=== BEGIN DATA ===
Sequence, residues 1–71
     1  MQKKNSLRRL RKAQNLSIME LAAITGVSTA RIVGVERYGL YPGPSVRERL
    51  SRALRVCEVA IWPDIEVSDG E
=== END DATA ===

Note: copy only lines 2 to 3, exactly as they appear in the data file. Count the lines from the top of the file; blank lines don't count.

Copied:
     1  MQKKNSLRRL RKAQNLSIME LAAITGVSTA RIVGVERYGL YPGPSVRERL
    51  SRALRVCEVA IWPDIEVSDG E